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ST. LOUIS CARDINALS

April 13, 1959
April 13, 1959

Table of Contents
April 13, 1959

Ask Him Anything
Wondrous Wall
Florida Derby
Wonderful World Of Sport
They Call It Baseball
  • HERE, beginning with a few ideas on what one can expect in 1959, Sports Illustrated presents its fifth annual preview of the major league season, with pictures in both color and black and white, scouting reports, schedules, statistics and features

The Umpire
Scouting Reports
  • Even in an inflationary economy there is no safer and better return on your money than the 40¢ profit you get in the fall from the dollar you bet in the spring that the Yankees will win the pennant. New York will win again in 1959

  • The White Sox feel that this is the year the Yankees can be beaten. If such a feat is possible, this is the team that can do it, if only someone would start hitting home runs. The rest of the pennant-winning ingredients are all there

  • Let the small letter i represent the American League. The Yankees, of course, are the dot, so the best the Boston Red Sox can hope for is a place near the top of the stem. Much depends on whether life truly begins at 40 for Ted Williams

  • Colavito, Minoso, Piersall, Power and Martin are about as colorful a crew as you will find in baseball. The team as a whole isn't nearly as good as the perpetual second-place finishers of a few years ago, but it's going to be more fun to watch

  • Every spring the Tigers promise much, but when summer rolls around they deliver little. This year they are keeping quiet, hoping that this team of many stars can finally do what everyone feels it should do—contend for the pennant

  • The Orioles' outstanding pitching and good defense should guarantee a fight for any opponent. Last season they finished sixth, but a good sixth, just three games out of the first division. To finish in fourth place, then, is their goal for 1959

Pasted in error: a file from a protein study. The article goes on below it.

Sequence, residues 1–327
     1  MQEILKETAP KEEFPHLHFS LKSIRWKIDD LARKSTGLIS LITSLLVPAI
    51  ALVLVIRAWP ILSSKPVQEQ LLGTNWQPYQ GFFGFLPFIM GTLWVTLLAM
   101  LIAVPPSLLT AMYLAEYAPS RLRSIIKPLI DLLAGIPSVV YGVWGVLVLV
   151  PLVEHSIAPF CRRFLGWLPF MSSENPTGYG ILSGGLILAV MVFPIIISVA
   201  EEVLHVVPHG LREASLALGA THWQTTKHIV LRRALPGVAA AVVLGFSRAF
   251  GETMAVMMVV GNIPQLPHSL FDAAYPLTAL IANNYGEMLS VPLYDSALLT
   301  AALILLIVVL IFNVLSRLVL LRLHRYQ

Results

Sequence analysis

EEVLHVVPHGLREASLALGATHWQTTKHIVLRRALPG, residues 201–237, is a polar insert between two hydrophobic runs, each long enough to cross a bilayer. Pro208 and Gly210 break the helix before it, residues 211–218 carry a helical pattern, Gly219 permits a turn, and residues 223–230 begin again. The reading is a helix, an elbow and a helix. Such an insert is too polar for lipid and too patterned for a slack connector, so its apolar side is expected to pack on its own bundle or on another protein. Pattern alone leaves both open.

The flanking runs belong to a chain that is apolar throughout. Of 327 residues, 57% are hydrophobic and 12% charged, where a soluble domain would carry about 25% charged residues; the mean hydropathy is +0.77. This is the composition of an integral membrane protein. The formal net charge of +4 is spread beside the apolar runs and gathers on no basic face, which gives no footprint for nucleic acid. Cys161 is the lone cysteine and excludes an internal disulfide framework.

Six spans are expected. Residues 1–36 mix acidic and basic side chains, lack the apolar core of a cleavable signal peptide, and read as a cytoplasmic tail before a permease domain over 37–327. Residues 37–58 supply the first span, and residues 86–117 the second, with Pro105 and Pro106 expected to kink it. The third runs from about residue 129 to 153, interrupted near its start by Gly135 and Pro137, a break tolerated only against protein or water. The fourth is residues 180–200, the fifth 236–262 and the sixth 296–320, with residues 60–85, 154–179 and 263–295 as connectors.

• The fury of mass trading is just about over, and the Athletics are a lot closer to that glorious day when they will be able to boast 25 major leaguers on the roster. Nevertheless, a .500 season for Kansas City is still a remote possibility

  • The road to the American League cellar is paved with the good intentions of the Washington Senators. Baseball magnates feel it needs a major league club in the national capital, but Cal Griffith provides only the palest imitation of one

  • An original statistical report

  • The Braves are not too blasé to appreciate those fat World Series checks every fall. With a well-rounded band of seasoned players and the richest pitching resources in the league, Milwaukee will not be easily beaten. But it can be

  • The Pirates will be a stimulating team to watch this summer as they throw strong pitching, superior defense, sharp hitting and fast legs onto the field. They'll be nearly everyone's sentimental favorite and might just win it all

  • Talented young players with great arms, blazing speed, sure instincts in the field and powerful bats in their hands are the trademark of the 1959 Giants. Sophisticated San Franciscans are in for excitement if the pitching holds up

  • The great power teams of 1956 and '57 are gone, but so is the bad pitching that wrecked them. Changed also is last year's squad, which was unbalanced in the opposite sense. Now the Reds plan to field a ball club with a smoother blend

  • Bad days have fallen upon the St. Louis Cardinals, and the bright promise of two years ago has been faithless. The effects on the club of uncertain, divided direction and erratic trading policies are now being felt. Busch has a loser here

  • Heavy trading during the past two seasons and a thorough search of the farm system produced last year a hard-hitting lineup that gave the Cubs the best team they've had in a long time. There is, however, still lots of work to be done